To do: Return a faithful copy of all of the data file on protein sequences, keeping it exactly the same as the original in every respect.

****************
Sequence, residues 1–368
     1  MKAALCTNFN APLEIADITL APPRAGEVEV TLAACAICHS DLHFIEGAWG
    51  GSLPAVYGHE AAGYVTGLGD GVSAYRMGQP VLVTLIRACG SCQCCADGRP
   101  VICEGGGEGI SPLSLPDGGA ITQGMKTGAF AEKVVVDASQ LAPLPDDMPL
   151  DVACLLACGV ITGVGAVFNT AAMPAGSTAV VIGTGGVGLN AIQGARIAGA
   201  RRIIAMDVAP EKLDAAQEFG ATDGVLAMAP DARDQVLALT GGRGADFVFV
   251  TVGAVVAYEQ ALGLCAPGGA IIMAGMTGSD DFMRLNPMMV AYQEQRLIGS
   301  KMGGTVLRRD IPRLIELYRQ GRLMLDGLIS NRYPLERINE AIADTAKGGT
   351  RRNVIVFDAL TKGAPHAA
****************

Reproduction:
Sequence, residues 1–368
     1  MKAALCTNFN APLEIADITL APPRAGEVEV TLAACAICHS DLHFIEGAWG
    51  GSLPAVYGHE AAGYVTGLGD GVSAYRMGQP VLVTLIRACG SCQCCADGRP
   101  VICEGGGEGI SPLSLPDGGA ITQGMKTGAF AEKVVVDASQ LAPLPDDMPL
   151  DVACLLACGV ITGVGAVFNT AAMPAGSTAV VIGTGGVGLN AIQGARIAGA
   201  RRIIAMDVAP EKLDAAQEFG ATDGVLAMAP DARDQVLALT GGRGADFVFV
   251  TVGAVVAYEQ ALGLCAPGGA IIMAGMTGSD DFMRLNPMMV AYQEQRLIGS
   301  KMGGTVLRRD IPRLIELYRQ GRLMLDGLIS NRYPLERINE AIADTAKGGT
   351  RRNVIVFDAL TKGAPHAA